In an interview with ThinkProgress yesterday, Kris Kobach, the anti-immigrant Kansas secretary of state who drafted Arizona and Alabama’s harmful immigration laws, claimed that his handiwork leads to no harmful effect on state economies. “I don’t think there is any negative impact,” Kobach claimed. “I think the studies have yielded one overwhelming conclusion and is that unemployment drops when states develop some of these laws.”
The facts are not on Kobach’s side, however. Numerous studies and reports have shown the economic harm from HB 56, Alabama’s anti-immigrant law. Farmers are losing their crops or not planting as much because they don’t have workers, and even the state’s own governor has said that the state’s dropping unemployment rate cannot be pegged on the immigration law.
In the fall, preliminary research from the Center for Business and Economic Research showed that, conservatively, HB 56 could cost the state $40 million. Now that the researcher behind that original estimate has had more time to study the law’s full impact, however, he concludes that this initial estimate is far too low. According to a new study, Alabama’s law will cost the state up to 140,000 direct and indirect jobs. And state GDP losses could total $2.3 to $10.8 billion and reduce local sales taxes by $20.0 to $93.1 million.
One key problem is any benefit for businesses from the exodus of immigrants is counteracted by the loss of demand. And the report points out that clearly legal residents are not filling all the jobs left behind:
It is generally accepted that unauthorized immigrants work for low wages. As such, the absence of illegal immigrants is likely to improve competitiveness for businesses that found it extremely difficult to compete because they do not use such labor. This might make the business climate attractive for out-of-state businesses that do not use illegal immigrant labor to consider relocating to the state. Such benefits for some businesses do not translate into a benefit for the aggregate economy because they cannot fully make up for the reduced demand caused by the absence of unauthorized immigrant workers.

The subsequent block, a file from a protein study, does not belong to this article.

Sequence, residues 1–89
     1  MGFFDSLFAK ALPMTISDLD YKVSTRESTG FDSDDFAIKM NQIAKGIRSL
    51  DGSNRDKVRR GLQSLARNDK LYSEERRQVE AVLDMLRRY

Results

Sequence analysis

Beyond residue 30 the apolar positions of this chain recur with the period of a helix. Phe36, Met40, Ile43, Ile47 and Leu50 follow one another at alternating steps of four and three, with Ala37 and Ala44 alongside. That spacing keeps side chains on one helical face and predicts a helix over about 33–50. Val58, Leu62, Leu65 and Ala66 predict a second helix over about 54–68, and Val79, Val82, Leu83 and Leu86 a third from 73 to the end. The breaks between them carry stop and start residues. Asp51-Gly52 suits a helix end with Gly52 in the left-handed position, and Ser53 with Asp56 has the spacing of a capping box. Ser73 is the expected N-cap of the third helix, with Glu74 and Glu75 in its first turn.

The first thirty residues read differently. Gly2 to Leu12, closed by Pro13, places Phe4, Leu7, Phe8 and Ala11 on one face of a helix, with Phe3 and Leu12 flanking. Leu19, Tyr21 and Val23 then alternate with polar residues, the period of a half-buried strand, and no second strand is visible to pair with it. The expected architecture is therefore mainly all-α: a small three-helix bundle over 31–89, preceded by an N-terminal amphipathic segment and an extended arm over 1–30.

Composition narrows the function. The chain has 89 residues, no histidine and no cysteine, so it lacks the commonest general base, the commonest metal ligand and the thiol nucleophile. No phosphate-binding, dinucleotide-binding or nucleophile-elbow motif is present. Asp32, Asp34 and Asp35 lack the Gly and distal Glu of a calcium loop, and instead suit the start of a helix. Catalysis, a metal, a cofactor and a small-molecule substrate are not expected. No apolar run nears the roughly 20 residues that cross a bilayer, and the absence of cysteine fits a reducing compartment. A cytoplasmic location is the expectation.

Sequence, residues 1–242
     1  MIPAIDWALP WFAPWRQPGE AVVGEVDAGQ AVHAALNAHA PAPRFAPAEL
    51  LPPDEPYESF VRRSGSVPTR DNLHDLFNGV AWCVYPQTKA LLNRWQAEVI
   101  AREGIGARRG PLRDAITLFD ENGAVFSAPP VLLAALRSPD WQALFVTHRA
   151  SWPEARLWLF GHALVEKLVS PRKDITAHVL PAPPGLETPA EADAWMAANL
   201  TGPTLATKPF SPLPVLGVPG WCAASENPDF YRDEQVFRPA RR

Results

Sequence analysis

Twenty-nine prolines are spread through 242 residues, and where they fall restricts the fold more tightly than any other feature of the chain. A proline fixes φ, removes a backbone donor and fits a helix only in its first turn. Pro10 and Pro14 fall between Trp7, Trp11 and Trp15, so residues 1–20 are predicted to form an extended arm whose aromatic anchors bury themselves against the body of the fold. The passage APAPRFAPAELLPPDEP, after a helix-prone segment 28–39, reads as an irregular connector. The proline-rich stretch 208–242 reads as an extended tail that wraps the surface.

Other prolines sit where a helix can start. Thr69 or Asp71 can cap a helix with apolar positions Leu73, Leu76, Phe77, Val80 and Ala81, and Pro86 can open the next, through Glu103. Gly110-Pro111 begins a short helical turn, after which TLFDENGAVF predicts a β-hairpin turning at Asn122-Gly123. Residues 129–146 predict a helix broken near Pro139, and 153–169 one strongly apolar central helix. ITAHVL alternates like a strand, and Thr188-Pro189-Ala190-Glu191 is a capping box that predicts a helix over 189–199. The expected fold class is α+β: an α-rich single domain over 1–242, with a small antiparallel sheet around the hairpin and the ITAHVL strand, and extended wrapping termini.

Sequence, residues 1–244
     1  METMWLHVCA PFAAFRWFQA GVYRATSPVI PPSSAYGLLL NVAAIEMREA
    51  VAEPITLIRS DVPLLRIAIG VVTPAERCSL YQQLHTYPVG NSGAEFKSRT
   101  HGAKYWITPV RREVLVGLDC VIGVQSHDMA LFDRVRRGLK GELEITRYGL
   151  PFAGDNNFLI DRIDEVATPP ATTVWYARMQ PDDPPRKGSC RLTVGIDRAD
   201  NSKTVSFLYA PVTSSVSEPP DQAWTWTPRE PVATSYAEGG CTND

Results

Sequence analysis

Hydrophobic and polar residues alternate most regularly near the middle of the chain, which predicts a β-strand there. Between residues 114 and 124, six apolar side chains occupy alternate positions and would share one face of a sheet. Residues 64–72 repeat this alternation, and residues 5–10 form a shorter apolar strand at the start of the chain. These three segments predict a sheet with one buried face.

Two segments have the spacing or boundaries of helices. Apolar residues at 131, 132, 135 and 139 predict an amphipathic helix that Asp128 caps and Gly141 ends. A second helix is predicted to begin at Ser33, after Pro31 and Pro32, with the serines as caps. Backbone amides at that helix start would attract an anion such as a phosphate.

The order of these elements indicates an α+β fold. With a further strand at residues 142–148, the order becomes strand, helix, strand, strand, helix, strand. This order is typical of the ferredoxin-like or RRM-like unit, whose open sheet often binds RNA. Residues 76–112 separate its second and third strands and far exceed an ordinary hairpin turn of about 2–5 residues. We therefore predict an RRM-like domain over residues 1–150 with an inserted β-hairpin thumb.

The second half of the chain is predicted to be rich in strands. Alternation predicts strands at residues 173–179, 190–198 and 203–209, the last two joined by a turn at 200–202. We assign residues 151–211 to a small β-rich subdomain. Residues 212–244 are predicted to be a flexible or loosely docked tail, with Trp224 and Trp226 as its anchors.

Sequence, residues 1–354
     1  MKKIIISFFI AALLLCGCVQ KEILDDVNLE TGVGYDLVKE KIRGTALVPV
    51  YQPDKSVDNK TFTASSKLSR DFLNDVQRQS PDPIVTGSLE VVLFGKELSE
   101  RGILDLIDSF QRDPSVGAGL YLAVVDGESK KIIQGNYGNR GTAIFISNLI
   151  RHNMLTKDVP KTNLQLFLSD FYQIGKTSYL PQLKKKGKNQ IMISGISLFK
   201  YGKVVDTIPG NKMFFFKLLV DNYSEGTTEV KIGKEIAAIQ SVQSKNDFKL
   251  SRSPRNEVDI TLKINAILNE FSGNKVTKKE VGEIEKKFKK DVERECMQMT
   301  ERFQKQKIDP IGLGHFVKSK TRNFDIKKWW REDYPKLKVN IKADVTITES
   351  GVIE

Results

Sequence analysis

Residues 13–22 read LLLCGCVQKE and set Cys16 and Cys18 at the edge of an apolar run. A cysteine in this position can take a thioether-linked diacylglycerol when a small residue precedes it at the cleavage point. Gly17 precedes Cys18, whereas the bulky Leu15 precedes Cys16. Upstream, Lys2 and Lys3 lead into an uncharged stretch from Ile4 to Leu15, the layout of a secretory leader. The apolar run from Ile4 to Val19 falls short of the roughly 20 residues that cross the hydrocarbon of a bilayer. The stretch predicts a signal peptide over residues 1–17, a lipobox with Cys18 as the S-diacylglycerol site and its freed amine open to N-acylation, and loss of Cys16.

It is also argued that illegal immigrants take jobs that should have gone to citizens and other legal residents. If that were true, farmers and businesses that employed these workers and other business interests as well should not have complained about the law especially given the state’s high unemployment rate. There was very little worker substitution and most of the few that considered the jobs previously performed by unauthorized immigrant workers did not have the requisite skills and productivity. With a focus on preparing the workforce for high-skill, high-wage and fast-growing jobs, it is unreasonable to expect people to flock to lower wage jobs that are performed under tough conditions.
Backers of Alabama’s law and similar versions in Arizona, South Carolina, and Georgia will continue to argue that making conditions horrible for undocumented immigrants so that they, in Mitt Romney‘s words, “self-deport,” will be a boon for the economy. But as reports tally the economic damage in Alabama, these supporters are only burying their heads in the sand to avoid the economic ruin that follows in these anti-immigrant laws’ wake.